Ireland warned to cut €2.5bn next year
EC says planned €2bn adjustment will not be enough to meet deficit target
The IMF’s Ajai Chopra at a troika press conference in Dublin. “Based on the troika’s forecast, a larger fiscal adjustment of around €2.5 billion is required to reach the deficit,” the European Commission wrote in a paper to the Oireachtas Finance Committee. Photograph: Alan Betson
The Government should make a €2.5 billion adjustment in next year’s budget instead of the planned €2 billion in cuts and taxes, the European Commission has said.
In a paper sent to the Oireachtas Finance Committee, the commission argues that a greater adjustment is required to bring the deficit down to 3 per cent of GDP by 2015.
While it says the Government is still committed to this, it notes the target is not underpinned by “broad policy measures and relies on a fiscal adjustment of around €2 billion”.
“Based on the troika’s forecast, a larger fiscal adjustment of around €2.5 billion is required to reach the deficit.”
The warning comes as Ireland prepares to exit the bailout later this week, and the report also says there are “some concerns over the quality of some savings, particularly in the health sector”.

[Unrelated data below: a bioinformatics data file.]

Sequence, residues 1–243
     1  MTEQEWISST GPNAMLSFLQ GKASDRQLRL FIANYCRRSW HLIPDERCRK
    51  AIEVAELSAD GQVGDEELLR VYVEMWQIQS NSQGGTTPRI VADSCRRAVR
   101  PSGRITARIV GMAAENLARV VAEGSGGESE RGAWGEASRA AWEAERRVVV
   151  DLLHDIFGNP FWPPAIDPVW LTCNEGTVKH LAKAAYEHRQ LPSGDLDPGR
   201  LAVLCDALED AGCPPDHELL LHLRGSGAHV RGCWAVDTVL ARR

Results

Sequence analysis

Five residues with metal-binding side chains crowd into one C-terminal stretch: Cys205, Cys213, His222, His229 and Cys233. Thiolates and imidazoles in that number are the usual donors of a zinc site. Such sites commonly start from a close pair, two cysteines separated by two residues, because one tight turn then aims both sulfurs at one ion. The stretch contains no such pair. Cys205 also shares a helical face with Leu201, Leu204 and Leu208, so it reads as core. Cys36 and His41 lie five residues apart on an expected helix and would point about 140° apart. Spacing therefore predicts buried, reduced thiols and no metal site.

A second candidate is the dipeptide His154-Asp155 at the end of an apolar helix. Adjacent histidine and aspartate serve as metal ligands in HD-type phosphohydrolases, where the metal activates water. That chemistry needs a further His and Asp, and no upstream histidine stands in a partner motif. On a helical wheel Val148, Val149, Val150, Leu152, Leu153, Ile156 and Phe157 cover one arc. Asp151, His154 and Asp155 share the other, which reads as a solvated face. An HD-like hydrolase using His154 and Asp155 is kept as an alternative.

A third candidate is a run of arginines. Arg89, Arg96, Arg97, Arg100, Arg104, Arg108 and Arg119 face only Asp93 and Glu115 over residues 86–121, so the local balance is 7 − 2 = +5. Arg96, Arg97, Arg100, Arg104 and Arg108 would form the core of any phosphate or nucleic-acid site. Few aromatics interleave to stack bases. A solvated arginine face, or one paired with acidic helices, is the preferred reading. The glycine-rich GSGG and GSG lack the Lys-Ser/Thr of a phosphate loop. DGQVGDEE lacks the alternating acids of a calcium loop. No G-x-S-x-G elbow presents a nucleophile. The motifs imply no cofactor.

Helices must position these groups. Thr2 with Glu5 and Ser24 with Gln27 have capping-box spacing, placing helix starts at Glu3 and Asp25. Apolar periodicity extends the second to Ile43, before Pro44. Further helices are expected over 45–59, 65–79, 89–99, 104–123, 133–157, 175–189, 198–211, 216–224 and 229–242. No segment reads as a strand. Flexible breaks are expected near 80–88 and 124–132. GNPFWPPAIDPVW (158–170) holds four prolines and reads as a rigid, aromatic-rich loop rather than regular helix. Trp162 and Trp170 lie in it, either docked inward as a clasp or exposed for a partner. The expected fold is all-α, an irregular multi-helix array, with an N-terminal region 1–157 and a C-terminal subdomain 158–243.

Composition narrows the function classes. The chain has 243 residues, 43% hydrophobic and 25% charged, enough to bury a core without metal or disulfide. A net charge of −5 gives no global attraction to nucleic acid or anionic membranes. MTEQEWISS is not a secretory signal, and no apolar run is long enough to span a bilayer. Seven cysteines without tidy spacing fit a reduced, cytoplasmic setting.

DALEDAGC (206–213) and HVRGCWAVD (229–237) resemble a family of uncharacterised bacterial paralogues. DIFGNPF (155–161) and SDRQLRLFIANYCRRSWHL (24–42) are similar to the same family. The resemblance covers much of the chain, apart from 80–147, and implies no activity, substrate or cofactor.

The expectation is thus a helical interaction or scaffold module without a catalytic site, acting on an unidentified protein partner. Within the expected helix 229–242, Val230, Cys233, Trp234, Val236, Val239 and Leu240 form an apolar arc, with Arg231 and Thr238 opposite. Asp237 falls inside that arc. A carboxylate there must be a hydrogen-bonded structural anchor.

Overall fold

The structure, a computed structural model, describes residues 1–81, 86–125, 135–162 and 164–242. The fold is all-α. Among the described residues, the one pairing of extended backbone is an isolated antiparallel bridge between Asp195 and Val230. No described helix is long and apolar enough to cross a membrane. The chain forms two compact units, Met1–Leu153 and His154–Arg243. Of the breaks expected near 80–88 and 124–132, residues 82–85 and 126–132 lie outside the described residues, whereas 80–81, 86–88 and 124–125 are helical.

‘Soft saving measures’
“The health sector in particular, relies on soft saving measures and some specific actions still to be defined in the health service plan.”
It adds: “Delays in the 2013 health sector measures endanger the 2014 health budget”, with a third of health savings planned for this year yet to be achieved.
It also says the “outlook remains challenging” for some banks and financial institutions, and adds “there are still concerns that courts do not have the resources to process the upcoming wave of legal cases” on home repossessions.
It also criticised delays in enacting the Legal Services Bill, while saying progress is being made in job activation areas like the Solas scheme operated by the Department of Social Protection.
However, it also says Ireland has performed well in the bailout.